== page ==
It is a question of our age – arguably the question of our age – which links every story that is probably interesting you right now. It screams out of the allegations that a paedophile ring operated at Westminster. It is triggered again by the government's desire to rush through emergency surveillance legislation in the name of combatting terrorism. It is at the heart of the debate about the future of the NHS. It bedevils the arguments over independence for Scotland. It will be up front and central and decisive at the next British general election. Whom do you trust?
Comes an answer that is as popular as it is succinct: trust no one.
Trust No One
The paradox is that we still want to trust. The New York Times columnist, David Brooks, makes the interesting observation that we will now trust people we have never met with our money, our cars, our pets, even our homes. Peer-to-peer swapping and renting is booming on the internet. Sensible folk will take the precaution of checking the reviews and star ratings of the person with whom they are dealing, but that still involves putting trust in the recommendation of a stranger about the likely behaviour of another stranger. It seems we'd now rather trust an individual we don't know than a big institution that we have come to know much too well.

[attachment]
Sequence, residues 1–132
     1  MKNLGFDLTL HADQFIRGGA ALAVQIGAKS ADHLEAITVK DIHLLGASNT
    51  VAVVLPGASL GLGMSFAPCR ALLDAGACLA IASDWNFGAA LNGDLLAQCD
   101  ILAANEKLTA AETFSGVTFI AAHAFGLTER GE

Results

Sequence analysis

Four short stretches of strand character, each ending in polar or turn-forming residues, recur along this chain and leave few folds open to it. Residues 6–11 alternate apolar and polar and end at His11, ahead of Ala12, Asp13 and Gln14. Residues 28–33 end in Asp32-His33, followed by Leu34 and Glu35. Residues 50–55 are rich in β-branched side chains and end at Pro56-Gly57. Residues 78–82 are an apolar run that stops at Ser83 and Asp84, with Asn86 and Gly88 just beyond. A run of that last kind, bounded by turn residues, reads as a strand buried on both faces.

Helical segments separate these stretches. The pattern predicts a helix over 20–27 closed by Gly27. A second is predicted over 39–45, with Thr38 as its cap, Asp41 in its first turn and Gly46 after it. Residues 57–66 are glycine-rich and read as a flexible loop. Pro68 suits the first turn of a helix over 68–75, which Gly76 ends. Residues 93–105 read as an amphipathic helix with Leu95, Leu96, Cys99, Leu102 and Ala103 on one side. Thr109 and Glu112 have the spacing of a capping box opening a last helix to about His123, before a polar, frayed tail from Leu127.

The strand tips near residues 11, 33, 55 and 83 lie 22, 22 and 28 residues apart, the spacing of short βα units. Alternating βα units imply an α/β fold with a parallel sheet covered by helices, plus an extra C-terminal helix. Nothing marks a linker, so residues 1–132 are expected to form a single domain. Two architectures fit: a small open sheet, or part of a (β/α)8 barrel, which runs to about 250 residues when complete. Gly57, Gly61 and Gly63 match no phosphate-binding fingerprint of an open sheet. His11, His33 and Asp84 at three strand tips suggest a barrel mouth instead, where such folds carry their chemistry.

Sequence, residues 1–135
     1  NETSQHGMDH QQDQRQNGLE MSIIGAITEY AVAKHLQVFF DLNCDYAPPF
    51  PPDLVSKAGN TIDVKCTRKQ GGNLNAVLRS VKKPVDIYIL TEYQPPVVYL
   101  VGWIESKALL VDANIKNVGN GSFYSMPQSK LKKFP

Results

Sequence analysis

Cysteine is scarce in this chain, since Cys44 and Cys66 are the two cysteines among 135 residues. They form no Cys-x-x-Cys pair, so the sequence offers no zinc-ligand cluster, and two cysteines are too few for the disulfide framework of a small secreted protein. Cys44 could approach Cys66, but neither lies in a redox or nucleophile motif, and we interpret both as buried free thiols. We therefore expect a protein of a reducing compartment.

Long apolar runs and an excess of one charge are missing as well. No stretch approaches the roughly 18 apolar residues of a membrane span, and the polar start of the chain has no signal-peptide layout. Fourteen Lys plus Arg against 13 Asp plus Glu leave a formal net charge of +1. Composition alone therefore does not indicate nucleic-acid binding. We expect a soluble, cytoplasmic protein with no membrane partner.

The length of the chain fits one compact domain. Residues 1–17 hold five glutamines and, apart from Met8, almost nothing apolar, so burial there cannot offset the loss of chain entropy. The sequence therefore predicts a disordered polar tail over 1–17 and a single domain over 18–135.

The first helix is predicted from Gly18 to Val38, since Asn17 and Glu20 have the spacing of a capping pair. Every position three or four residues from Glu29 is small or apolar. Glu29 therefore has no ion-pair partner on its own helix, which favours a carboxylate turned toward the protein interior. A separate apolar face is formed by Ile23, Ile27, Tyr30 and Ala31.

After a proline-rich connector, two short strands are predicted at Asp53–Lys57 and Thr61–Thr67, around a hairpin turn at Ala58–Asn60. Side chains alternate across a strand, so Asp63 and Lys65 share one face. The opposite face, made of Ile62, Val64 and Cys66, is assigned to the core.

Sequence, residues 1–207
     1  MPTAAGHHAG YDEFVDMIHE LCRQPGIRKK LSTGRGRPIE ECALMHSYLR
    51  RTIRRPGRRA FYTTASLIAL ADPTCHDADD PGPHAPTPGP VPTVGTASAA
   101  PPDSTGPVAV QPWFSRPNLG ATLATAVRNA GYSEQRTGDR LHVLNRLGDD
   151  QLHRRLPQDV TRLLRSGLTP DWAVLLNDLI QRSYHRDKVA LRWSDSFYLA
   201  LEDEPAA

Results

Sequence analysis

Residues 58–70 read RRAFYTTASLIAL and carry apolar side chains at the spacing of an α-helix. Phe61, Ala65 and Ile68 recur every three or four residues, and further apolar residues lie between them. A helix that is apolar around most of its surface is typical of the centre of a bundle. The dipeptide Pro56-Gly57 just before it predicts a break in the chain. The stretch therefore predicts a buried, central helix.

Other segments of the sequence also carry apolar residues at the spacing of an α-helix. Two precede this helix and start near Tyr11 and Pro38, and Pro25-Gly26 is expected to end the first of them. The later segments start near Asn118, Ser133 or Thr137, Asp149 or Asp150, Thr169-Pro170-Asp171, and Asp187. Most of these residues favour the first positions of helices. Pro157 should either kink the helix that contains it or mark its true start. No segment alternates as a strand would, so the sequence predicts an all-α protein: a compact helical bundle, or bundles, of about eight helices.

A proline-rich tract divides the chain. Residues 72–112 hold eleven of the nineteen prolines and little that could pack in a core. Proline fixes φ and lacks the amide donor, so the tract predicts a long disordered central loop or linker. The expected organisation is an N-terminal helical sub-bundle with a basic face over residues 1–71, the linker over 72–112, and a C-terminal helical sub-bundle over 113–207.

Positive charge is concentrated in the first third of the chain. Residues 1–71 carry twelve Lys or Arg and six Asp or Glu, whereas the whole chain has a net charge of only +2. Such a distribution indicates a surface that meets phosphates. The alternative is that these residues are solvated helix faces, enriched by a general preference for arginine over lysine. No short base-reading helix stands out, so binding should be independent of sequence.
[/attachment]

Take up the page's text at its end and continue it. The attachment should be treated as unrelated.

Unless you plan to hide alone in a cave, life can't be lived without trust. I go to bed at night trusting my neighbours not to burn down my house while I sleep. I get up in the morning and turn on the tap trusting the water company not to have poisoned the supply. We want to be able to trust banks, because we need somewhere to put our money. We want to be able to trust the media, because we need reliable sources of information. We want to be able to trust the doctor, the police officer and the judge. We even want to be able to trust our politicians. At least just a little bit. If our default assumption is that everyone who aspires to govern us only does so in order to lie to us and cheat us, then making meaningful political choices becomes impossible.
Trust no one is not a good motto for a happy life nor for a functioning democracy. Most of us intuit that. We mourn that we can't trust our governing institutions and yearn to see some restoration. There's a great prize here for someone in politics to win, if only any of them knew how to go about grasping it.